BRIEF DESCRIPTION OF THE DRAWINGS

The present invention will be understood more fully from the detailed description given herebelow and from the accompanying drawings with the associated disclosure of the preferred embodiment of the invention, which, however, should not be taken to limit the invention to the specific embodiment, but are for explanation and understanding only.

In the drawings:

FIG. 1 is a front elevation of the preferred embodiment of a motor actuator according to the present invention, in which an electric motor is shown only in part;

FIG. 2 is a partial side view of the preferred embodiment of the motor actuator of FIG. 1, which is viewed from the left side in FIG. 1;

FIG. 3 is a section taken along line III--III of FIG. 2;

FIG. 4 is a front elevation showing a printed pattern on a printed circuit board employed in the shown embodiment of the motor actuator;

FIG. 5 is a partial side elevation of the printed circuit board of FIG. 4;

FIG. 6 is a circuit diagram employed in the shown embodiment of the motor actuator;

FIG. 7 is a side elevation showing the overall unit of the preferred embodiment of the motor actuator; and

FIG. 8 is a sectional view of a variable damping characteristics shock absorber employing the preferred embodiment of the motor actuator.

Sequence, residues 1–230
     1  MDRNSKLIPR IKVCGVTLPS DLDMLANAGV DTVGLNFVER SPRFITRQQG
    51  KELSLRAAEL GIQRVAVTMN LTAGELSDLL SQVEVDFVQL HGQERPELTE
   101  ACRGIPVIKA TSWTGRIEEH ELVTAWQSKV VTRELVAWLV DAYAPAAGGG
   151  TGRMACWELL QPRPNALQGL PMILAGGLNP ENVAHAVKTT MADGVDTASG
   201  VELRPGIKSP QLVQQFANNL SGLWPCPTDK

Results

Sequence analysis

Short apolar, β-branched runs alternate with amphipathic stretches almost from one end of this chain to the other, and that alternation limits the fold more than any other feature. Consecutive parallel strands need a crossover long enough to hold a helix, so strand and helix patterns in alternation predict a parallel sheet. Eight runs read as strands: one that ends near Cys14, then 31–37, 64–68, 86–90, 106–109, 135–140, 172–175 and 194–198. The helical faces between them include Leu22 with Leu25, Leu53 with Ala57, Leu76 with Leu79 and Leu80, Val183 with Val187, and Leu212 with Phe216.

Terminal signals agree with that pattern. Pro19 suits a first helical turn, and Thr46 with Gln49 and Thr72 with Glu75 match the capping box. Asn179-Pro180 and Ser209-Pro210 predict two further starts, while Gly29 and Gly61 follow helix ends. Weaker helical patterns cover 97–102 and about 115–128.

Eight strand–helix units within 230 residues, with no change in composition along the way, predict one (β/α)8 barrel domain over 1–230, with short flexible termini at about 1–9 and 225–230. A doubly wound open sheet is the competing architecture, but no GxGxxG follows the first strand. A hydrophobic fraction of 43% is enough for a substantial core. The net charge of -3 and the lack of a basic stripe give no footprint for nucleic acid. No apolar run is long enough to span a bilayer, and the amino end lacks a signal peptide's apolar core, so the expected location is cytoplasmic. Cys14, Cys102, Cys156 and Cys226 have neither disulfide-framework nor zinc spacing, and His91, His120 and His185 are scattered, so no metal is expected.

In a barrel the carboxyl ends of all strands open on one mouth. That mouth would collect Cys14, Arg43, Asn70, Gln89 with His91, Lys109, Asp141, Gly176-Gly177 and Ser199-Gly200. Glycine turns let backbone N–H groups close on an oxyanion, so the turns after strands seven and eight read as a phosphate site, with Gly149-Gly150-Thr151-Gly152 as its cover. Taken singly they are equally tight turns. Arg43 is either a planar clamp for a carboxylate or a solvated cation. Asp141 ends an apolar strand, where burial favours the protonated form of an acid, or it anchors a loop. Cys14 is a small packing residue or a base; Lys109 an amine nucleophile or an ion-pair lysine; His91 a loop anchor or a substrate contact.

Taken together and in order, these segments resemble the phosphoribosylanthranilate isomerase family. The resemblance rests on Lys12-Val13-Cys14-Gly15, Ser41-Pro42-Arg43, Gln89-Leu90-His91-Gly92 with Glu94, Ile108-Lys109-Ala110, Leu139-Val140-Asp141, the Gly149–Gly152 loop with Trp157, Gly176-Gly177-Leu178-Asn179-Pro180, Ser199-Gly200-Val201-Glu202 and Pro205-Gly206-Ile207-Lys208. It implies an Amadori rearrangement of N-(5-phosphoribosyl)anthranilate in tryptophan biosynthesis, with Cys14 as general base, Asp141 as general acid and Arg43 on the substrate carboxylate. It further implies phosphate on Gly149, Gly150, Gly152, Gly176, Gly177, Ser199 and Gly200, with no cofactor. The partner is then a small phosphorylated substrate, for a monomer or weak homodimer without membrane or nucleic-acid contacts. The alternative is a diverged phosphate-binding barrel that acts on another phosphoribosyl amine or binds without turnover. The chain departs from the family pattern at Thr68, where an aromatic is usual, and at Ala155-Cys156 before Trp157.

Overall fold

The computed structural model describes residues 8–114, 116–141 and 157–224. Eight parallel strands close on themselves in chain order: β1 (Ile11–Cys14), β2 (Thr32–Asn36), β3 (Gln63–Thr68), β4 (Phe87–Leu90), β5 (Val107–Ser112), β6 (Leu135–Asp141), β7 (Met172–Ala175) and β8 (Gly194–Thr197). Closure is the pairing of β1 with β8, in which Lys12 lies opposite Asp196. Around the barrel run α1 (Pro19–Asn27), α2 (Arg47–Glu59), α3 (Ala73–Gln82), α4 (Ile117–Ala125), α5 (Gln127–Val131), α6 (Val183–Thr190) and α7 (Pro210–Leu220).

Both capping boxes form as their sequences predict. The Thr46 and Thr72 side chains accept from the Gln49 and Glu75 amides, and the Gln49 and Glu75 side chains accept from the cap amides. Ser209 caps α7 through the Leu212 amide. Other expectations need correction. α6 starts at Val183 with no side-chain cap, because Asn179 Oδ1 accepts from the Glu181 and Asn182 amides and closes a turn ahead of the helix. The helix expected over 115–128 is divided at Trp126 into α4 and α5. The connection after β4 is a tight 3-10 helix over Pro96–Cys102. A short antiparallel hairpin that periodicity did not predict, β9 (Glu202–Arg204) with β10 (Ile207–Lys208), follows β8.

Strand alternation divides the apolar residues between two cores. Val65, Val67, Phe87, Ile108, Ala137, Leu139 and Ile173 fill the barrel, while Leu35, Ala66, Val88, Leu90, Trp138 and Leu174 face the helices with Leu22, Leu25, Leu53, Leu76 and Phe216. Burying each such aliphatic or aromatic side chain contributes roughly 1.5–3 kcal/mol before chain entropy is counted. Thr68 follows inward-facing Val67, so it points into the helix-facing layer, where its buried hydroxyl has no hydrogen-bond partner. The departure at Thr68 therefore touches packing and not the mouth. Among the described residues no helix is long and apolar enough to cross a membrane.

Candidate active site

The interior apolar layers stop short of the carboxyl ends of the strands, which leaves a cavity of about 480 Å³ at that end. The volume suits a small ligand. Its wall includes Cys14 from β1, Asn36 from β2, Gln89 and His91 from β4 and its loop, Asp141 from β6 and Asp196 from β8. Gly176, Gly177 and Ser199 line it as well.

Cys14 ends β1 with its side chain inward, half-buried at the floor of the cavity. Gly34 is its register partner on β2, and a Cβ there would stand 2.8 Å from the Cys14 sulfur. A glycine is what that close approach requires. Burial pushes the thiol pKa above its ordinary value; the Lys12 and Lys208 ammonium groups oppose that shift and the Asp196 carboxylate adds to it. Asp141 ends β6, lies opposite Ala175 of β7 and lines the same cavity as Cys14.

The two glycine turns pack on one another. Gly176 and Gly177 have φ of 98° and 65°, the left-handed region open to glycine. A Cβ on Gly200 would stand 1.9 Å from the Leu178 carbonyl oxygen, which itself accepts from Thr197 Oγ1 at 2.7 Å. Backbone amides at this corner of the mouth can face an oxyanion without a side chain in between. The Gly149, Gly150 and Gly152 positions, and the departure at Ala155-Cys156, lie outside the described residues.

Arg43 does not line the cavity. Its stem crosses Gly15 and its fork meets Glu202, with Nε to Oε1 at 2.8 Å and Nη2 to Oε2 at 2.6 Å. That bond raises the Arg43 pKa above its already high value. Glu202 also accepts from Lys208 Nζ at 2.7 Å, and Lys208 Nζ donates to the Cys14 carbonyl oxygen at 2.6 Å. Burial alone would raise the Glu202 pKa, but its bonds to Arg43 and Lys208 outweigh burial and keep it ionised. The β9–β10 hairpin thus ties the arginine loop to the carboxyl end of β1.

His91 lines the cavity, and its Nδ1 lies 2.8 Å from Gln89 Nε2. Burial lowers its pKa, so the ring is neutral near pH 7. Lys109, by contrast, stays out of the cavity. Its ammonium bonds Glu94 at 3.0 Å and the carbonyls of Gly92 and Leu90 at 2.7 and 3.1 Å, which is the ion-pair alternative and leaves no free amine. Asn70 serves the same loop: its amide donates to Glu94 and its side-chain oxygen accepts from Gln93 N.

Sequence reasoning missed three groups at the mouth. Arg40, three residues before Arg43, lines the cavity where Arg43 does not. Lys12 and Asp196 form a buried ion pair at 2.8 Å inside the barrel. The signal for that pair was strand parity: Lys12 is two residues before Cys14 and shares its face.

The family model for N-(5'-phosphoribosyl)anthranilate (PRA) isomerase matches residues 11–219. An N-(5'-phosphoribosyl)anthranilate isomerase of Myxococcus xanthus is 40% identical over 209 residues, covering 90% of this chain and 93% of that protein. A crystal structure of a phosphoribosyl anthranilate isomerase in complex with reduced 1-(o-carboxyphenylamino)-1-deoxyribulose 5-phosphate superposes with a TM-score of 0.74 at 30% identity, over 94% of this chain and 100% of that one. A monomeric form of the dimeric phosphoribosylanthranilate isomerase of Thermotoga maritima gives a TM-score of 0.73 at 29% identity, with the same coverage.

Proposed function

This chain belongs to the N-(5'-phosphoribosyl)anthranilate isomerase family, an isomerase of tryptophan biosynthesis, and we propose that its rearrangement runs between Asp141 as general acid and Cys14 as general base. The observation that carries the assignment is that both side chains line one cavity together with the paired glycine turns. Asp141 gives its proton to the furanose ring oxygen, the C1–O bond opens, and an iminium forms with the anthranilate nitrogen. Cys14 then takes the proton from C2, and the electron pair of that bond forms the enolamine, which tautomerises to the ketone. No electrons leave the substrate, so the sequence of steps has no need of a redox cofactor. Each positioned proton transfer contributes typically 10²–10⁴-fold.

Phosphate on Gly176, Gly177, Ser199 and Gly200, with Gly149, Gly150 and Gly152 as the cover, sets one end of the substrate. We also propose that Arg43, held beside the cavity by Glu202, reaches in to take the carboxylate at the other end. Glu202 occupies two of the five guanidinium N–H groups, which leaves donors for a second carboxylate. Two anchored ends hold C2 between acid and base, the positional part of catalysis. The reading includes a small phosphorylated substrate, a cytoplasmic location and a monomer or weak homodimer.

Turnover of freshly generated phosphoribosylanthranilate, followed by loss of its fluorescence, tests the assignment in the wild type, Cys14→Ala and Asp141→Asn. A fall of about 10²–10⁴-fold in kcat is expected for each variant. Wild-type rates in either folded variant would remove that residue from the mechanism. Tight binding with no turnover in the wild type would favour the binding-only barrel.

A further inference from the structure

DESCRIPTION OF THE PREFERRED EMBODIMENT

Referring now to the drawings, particularly to FIG. 1, the preferred embodiment of a motor actuator generally comprises an electric motor 1 as a driving torque source, a reduction gear unit 3 associated with an output shaft 2, and a position encoder 4.

The reduction gear unit 3 has first, second and third support plates 5, 6 and 7 are supported by studs 14 and 15 which are rigidly secured onto a motor casing by means of a fastening screw or bolt 16, in an axially spaced-apart relationship to each other. A first intermediate gear 9 is supported for rotation about a gear shaft 9a which extends between the first and third support plates 5 and 7. The first intermediate gear 9 has a greater diameter section 9b and a smaller diameter section 9c. The greater diameter section 9b of the first intermediate gear 9 is engaged with a drive gear 8 which is rigidly secured to the output shaft 2 so as to be driven by the motor output torque. The smaller diameter section 9c of the first intermediate gear 9 is engaged with a greater diameter section 10b of a second intermediate gear 10 which is supported for rotation about an output shaft 13 extending from the second support plate 6. The second intermediate gear 10 has a smaller diameter section 10c is engaged with a greater diameter section 11b of a third intermediate gear 11 which is supported for rotation about a gear shaft 11a extending between the first and second support plates 5 and 6. A smaller diameter section 11c of the third intermediate gear 11 is engaged with a driven gear rigidly fixed to the output shaft 13 which is retatably supported by the first and second support plates 5 and 6. Also, the output shaft 13 is arranged in alignment with the output shaft 2 of the motor 1.